See for yourself:
https://www.youtube.com/watch?... [youtube.com]
(notice the frequent zooms on the main guy's crotch)

THANK YOU NETFLIX

Re:Progress (1)

evilviper (135110) | about 2 months ago | (#47762493)

Just like before I can lose entire tv series when the disk fails.

Buy two.

If you're worried about the drive failing, a RAID-1 setup will take care of it, while doubling read speeds and halving seek times.

If you're worried about user error or other accidents, have one offline in an external caddy, and just periodically power it up and rsync all the new data to it.

I've been doing the later religiously for the past 10 years, upgrading my external drive every time I upgrade my internal drives. In all that time, not one hard drive has suddenly failed on me, instead bigger drives drop in price and become too tempting to ignore, so old drives go in the trash. But besides being insurance that my many years of acquiring content won't poof into smoke and leave me at square one, feeling like a crippled baby learning how to walk again, the external drive has been extremely useful in making my hard drive upgrades, and OS upgrades, a much simpler operation.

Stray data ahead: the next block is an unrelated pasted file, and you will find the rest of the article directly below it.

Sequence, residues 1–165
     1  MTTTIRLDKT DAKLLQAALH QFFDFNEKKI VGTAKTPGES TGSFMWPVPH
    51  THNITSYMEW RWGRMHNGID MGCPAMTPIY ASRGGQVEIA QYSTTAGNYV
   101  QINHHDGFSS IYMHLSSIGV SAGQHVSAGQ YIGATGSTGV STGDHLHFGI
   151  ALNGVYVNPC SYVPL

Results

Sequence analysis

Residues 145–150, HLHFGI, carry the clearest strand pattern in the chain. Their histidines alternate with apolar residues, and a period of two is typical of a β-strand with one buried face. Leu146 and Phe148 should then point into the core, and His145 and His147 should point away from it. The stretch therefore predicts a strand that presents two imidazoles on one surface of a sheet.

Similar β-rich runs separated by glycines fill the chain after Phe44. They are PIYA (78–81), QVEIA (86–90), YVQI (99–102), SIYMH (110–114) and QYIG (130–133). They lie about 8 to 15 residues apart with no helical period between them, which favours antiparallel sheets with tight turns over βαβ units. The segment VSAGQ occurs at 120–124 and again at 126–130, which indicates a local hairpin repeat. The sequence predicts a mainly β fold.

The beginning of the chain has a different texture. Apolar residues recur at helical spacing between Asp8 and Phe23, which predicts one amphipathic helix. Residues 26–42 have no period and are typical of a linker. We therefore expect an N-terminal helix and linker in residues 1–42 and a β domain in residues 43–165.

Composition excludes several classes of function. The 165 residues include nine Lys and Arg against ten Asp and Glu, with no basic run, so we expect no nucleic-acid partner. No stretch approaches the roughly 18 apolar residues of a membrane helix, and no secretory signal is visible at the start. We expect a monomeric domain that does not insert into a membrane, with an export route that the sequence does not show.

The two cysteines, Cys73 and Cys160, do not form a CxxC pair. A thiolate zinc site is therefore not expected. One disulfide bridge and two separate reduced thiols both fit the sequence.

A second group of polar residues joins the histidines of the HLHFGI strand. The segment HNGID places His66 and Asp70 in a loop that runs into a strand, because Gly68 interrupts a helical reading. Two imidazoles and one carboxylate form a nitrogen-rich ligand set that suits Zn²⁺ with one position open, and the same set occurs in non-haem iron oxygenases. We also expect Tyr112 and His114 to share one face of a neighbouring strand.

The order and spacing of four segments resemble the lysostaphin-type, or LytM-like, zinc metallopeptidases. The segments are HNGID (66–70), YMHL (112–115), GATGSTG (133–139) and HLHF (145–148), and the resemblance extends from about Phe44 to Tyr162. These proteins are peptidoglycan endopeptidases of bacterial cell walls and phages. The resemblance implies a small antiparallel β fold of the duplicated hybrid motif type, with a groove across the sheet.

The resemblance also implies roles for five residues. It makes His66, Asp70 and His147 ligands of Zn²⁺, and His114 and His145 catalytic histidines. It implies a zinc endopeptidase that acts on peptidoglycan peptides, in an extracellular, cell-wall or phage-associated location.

It's just so damn incredibly cheap and easy to keep a reasonably up-to-date backup of EVERYTHING you have, that I can't believe people would choose not to do so. The prices on "cloud" storage are astronomical by comparison.

Dedupe technology might be better (0)

Anonymous Coward | about 2 months ago | (#47762157)